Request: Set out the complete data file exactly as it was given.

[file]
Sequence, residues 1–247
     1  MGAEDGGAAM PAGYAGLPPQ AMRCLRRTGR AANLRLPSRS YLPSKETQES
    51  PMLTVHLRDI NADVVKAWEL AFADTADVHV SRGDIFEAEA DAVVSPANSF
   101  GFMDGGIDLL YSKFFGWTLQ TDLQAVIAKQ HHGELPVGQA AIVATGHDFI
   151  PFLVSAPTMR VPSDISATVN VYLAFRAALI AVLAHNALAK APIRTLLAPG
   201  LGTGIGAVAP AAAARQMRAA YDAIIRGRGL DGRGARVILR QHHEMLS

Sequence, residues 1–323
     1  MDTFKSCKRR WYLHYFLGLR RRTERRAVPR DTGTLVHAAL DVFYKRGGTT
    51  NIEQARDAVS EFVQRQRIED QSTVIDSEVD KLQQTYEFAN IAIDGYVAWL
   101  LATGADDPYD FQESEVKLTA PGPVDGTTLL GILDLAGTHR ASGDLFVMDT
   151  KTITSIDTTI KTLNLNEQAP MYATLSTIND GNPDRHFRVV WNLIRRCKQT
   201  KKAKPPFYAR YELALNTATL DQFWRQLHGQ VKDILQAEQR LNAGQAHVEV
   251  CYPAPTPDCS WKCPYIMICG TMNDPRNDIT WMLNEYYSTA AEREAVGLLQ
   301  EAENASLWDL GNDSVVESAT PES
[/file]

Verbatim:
Sequence, residues 1–247
     1  MGAEDGGAAM PAGYAGLPPQ AMRCLRRTGR AANLRLPSRS YLPSKETQES
    51  PMLTVHLRDI NADVVKAWEL AFADTADVHV SRGDIFEAEA DAVVSPANSF
   101  GFMDGGIDLL YSKFFGWTLQ TDLQAVIAKQ HHGELPVGQA AIVATGHDFI
   151  PFLVSAPTMR VPSDISATVN VYLAFRAALI AVLAHNALAK APIRTLLAPG
   201  LGTGIGAVAP AAAARQMRAA YDAIIRGRGL DGRGARVILR QHHEMLS

Sequence, residues 1–323
     1  MDTFKSCKRR WYLHYFLGLR RRTERRAVPR DTGTLVHAAL DVFYKRGGTT
    51  NIEQARDAVS EFVQRQRIED QSTVIDSEVD KLQQTYEFAN IAIDGYVAWL
   101  LATGADDPYD FQESEVKLTA PGPVDGTTLL GILDLAGTHR ASGDLFVMDT
   151  KTITSIDTTI KTLNLNEQAP MYATLSTIND GNPDRHFRVV WNLIRRCKQT
   201  KKAKPPFYAR YELALNTATL DQFWRQLHGQ VKDILQAEQR LNAGQAHVEV
   251  CYPAPTPDCS WKCPYIMICG TMNDPRNDIT WMLNEYYSTA AEREAVGLLQ
   301  EAENASLWDL GNDSVVESAT PES